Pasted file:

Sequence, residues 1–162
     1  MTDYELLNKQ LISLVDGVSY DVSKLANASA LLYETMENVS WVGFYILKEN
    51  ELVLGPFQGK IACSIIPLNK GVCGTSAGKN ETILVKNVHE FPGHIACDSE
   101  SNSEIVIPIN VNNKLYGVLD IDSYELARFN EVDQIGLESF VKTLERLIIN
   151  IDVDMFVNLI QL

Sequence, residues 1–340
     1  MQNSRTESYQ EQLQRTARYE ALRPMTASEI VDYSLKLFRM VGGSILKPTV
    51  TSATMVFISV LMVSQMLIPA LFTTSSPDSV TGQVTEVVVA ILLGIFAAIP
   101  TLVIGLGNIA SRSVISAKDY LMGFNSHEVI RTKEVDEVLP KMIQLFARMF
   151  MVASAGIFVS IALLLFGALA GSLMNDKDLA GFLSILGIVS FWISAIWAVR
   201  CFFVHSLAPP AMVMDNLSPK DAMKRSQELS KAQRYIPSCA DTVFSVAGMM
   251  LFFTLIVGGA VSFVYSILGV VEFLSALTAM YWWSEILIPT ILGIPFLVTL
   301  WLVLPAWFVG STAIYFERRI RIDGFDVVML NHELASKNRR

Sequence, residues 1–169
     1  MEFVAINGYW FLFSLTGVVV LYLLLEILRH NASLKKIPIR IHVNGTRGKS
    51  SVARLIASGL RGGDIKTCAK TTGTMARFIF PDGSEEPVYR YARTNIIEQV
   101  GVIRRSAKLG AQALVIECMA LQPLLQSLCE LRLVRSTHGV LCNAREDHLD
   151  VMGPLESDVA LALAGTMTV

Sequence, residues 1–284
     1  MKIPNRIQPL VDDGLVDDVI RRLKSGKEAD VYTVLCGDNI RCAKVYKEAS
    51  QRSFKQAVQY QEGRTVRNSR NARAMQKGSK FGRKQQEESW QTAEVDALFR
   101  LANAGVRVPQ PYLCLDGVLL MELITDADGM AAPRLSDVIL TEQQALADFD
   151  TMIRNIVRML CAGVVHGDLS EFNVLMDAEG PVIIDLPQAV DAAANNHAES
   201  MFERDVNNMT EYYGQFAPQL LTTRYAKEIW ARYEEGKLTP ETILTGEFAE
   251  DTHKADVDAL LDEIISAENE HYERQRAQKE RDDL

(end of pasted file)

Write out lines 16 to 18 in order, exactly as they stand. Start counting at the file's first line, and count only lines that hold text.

    51  SVARLIASGL RGGDIKTCAK TTGTMARFIF PDGSEEPVYR YARTNIIEQV
   101  GVIRRSAKLG AQALVIECMA LQPLLQSLCE LRLVRSTHGV LCNAREDHLD
   151  VMGPLESDVA LALAGTMTV